It was not until years later, in graduate school at Wayne State University, that I encountered a substantial number of books featuring African Americans. A subset of an annual exhibit of children’s books, the Darker Brother collection included books by and about African Americans. My children’s literature professor, the late Don Bissett, proposed that he and I co-write a piece focused on the contents of the Darker Brother collection. I was caught up in my dissertation, so that article never happened. But he had planted the seed for my first book, Shadow and Substance, which was a survey of books by and about African Americans published between 1965 and 1979.

In the quarter century between 1982 (when Shadow and Substance was published) and 2007 (when my most recent professional book, Free Within Ourselves, was published), I continued my scholarly pursuit of the development of African American children’s literature. It was my education students, however, who, as teachers, were actively working with children, and I thank them for engaging, for passing on what we learned together and “paying it forward” in their work with children. As one exemplar, I thank Dr. Jonda McNair, one of my last two doctoral students, former chair of the Coretta Scott King Book Awards Committee, who has taken her work at Ohio State and run with it. Jonda and others like her are having an impact and ensuring that the work will go on.

I must also say thank you to the current premier creators of African American children’s literature. As a member and then chair of the Coretta Scott King Book Awards Jury — and well before that — I have been reading your work and admiring it greatly. You — Jackie, Rita, Jason, Kwame, Chris, Tonya, Carole, Javaka, Bryan, Gregory, Christian, Kekla, E. B., Nikki, Kadir; and yes, you, pioneers Ashley and Jerry; and yes, Congressman John Lewis and Andrew Aydin — you award-winning poets, artists, prose writers. Thank you, and everyone whose name I didn’t call, for all you do to create and advocate for African American children’s books. You represent both continuity and change. You are expanding the scope and the quality of African American children’s literature, while maintaining some of the thematic traditions that help to define this body of literature. Your books will form the foundation for the work of the next generation of scholars and advocates. Please keep on keepin’ on.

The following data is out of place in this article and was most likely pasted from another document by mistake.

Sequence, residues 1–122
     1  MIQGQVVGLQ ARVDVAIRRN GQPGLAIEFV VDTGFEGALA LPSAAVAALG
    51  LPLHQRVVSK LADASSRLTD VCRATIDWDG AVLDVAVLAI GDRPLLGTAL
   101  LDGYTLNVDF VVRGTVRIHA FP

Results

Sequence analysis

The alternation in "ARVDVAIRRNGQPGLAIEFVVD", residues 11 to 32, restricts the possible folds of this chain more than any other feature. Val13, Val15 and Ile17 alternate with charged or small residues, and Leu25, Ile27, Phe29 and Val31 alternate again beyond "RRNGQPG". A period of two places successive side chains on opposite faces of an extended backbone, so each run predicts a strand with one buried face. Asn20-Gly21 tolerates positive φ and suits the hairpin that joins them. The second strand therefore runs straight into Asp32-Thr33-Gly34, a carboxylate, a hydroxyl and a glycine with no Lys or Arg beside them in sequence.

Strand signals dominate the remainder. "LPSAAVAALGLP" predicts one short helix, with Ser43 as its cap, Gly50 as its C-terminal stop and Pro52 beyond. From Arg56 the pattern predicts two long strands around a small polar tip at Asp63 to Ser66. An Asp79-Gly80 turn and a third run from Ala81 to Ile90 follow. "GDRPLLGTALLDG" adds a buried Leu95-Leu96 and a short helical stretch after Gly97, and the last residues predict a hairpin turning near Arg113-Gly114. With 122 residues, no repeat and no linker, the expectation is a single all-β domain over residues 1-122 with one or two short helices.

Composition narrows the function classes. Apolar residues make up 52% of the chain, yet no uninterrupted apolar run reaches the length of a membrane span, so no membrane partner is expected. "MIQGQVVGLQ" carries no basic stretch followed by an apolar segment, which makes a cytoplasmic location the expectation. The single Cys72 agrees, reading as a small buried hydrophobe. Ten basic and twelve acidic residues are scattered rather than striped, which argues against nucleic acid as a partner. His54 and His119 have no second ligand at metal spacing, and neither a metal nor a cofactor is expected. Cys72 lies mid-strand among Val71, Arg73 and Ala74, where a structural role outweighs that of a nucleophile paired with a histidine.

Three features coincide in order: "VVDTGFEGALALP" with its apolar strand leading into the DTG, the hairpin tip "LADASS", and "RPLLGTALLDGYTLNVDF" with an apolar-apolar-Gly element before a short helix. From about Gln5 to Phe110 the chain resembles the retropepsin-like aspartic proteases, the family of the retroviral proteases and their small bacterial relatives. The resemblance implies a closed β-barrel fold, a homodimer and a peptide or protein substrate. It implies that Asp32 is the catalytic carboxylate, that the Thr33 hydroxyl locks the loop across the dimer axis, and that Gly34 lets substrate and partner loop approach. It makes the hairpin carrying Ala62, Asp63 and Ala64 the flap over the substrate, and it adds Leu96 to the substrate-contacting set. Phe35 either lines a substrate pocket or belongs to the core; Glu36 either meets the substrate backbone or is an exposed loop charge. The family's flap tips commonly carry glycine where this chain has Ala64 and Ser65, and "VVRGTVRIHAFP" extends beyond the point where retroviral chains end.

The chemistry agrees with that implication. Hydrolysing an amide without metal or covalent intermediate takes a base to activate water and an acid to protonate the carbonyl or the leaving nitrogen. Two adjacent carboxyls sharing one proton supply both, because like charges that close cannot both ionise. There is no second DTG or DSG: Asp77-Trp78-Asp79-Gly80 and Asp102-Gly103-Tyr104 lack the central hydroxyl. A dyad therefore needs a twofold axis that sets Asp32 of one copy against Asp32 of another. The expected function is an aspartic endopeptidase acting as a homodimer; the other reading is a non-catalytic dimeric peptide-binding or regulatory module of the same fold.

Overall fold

Finally, I need to end on a personal note. I must thank the friends and family who have been my cheerleaders. The journey would have been lonely without you. Special thanks to my head cheerleader, my one-man support team, my husband Jim (my friends call him “the Gem,” and with strong justification). Thanks for being by my side for the past three decades.

Thank you all for being here to celebrate with me and all the other award winners. Let us rejoice and be glad in this day.

Rudine Sims Bishop is the winner of the 2017 Coretta Scott King–Virginia Hamilton Award for Lifetime Achievement (practitioner category). Her acceptance speech was delivered at the annual conference of the American Library Association in Chicago on June 25, 2017. From the July/August 2017 issue of The Horn Book Magazine: Special Issue: Awards. For more speeches, profiles, and articles click the tag ALA 2017.




Rudine Sims Bishop
Rudine Sims Bishop
Rudine Sims Bishop, Professor Emerita of Education at Ohio State University, is the winner of the 2017 Coretta Scott King–Virginia Hamilton Award for Lifetime Achievement (practitioner category).